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Republicans seek to enshire Reagan

January 31, 2005
By: Ben Welsh
State Capital Bureau

JEFFERSON CITY - It's a short list.

George Washington, Abraham Lincoln, Harry S. Truman, Martin Luther King Jr., Christopher Columbus. They are the men who have Missouri state holidays in their honor.

And if one state senator gets his way, Ronald Reagan will join the club.

A bill sponsored by Sen. John Loudon, R-St. Louis County, would enshrine the former president's birthday -- Feb. 6 -- as Missouri's newest holiday.

"He represented a watershed," Loudon said. "He was so unique and I don't want that memory to be forgotten. The cold war was very real and he ended it."

Loudon, 37, is part a younger generation of Republican lawmakers who have moved into the state capital. Thanks to term limits, the GOP's takeover in Jefferson City and the passage of time, the Legislature has swelled with young Republicans. Five of the 22 Republican state senators were too young to vote for Reagan when he ran for president in 1980.

"We grew up with Ronald Reagan lunch boxes," said Sen. Jon Dolan (R-St. Charles County). "I think that the Alex P. Keaton in me worships and understands the greatness that is Reagan."

Loudon comes from a long line of active Republicans. He knocked on doors for the GOP as a teenager and said that even though he was only 13 when Reagan was elected president, he knew then that the new commander-in-chief was something special.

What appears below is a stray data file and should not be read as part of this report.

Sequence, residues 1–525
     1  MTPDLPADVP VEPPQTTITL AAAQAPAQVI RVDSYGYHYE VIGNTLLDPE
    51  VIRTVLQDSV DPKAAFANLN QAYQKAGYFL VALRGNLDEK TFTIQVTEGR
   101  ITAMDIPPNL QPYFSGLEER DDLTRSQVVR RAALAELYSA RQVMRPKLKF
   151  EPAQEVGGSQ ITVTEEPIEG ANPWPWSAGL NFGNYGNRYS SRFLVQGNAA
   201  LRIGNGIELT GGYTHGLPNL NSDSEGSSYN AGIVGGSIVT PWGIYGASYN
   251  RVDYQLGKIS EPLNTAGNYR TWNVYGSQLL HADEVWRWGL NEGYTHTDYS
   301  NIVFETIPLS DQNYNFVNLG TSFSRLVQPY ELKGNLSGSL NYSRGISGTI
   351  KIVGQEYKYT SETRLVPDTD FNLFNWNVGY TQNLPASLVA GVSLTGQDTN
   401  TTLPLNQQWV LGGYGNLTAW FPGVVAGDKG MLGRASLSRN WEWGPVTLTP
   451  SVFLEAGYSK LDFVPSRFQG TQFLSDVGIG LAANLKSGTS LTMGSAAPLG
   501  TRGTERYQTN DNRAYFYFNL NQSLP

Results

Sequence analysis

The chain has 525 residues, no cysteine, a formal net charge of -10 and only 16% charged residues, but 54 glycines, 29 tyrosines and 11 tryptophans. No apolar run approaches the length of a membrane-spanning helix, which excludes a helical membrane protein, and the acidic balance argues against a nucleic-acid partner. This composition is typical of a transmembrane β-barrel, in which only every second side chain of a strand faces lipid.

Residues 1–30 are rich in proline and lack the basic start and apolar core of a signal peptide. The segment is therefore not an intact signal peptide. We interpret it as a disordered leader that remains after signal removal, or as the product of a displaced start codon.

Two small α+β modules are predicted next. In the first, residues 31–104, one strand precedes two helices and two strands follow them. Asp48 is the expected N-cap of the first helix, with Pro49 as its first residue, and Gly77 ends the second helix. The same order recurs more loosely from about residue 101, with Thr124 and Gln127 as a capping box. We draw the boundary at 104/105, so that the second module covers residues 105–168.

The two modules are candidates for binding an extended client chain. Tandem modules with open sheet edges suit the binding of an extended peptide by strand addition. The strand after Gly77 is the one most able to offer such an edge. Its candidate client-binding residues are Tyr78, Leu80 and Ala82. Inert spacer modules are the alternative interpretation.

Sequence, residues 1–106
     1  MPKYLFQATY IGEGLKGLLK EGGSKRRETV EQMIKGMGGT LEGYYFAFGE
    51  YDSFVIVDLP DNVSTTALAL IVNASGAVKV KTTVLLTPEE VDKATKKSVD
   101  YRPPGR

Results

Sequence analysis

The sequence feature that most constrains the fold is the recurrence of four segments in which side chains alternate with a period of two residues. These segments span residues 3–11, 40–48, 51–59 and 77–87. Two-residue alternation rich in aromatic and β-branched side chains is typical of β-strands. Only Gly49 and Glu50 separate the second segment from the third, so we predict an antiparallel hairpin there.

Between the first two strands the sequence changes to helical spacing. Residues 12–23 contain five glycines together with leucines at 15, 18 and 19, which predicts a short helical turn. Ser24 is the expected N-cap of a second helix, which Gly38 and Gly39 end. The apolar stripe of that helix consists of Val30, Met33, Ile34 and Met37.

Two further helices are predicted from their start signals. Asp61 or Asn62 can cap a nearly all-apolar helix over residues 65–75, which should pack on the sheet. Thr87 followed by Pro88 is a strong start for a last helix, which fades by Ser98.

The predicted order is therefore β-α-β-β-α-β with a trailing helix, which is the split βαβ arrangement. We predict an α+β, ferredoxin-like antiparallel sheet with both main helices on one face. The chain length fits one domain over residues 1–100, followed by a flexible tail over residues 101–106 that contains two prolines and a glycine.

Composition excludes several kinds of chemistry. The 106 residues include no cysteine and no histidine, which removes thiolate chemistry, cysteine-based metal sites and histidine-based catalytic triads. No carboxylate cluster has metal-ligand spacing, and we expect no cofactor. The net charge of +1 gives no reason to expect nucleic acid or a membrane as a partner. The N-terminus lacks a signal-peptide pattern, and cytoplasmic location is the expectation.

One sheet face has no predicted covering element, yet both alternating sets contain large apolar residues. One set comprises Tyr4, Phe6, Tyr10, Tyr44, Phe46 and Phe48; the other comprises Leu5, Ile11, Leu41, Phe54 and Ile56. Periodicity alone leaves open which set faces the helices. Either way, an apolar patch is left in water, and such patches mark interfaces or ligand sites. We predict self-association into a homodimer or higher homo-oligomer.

"A funny thing happened. I picked up a copy of the Communist Manifesto and read it," Loudon said. "I read 1984. I did the math and I realized that the rational view of those would-be totalitarians would be to attack us. That would be the rational view. When Reagan ran he understood that we had to build up the military to stave off that attack."

Reagan's home state of Illinois already officially celebrates his birthday.

The holiday proposed here in Missouri would not give state employees the day off from work. The bill specifies that it would chiefly serve as a day to remember Reagan's "public service" and "humanitarian principles."

Sen. Pat Dougherty, a Democrat from St. Louis, scoffed at the idea of Reagan Day.

"We'd probably have to work overtime and not get paid for it," Dougherty said.

Loudon has also sponsored a bill that would name a yet to be constructed bridge over the Mississippi River in downtown St. Louis the Ronald Wilson Reagan Bridge.

Reagan won Missouri in both 1980 and 1984 but he lost the staunchly Democratic city of St. Louis by a two-to-one margin in each race. If Loudon's bill passes, St. Louis citizens will have a bridge named after a candidate most of them voted against twice.

"While the footprints on the Missouri side will be in the city of St. Louis it will also be in the land mass that is the state of Missouri." Loudan said. "The people of Missouri will build the bridge. It just so happens it falls in the city of St. Louis. They're good people but they don't always get it right."

Dougherty suggested naming the bridge after Franklin Roosevelt instead.

"Not to denigrate what [Reagan] did with the cold war but to take one element out of a presidency and say it's worthy of naming a bridge," Dougherty said. "I don't think so."

The proposal to name the unbuilt bridge after Reagan is now waiting for approval from the transportation committee that Dolan chairs.

I'm as big a fan, if not a bigger fan than Sen. Loudon," Dolan said. "But when we get a bridge, I'll name a bridge."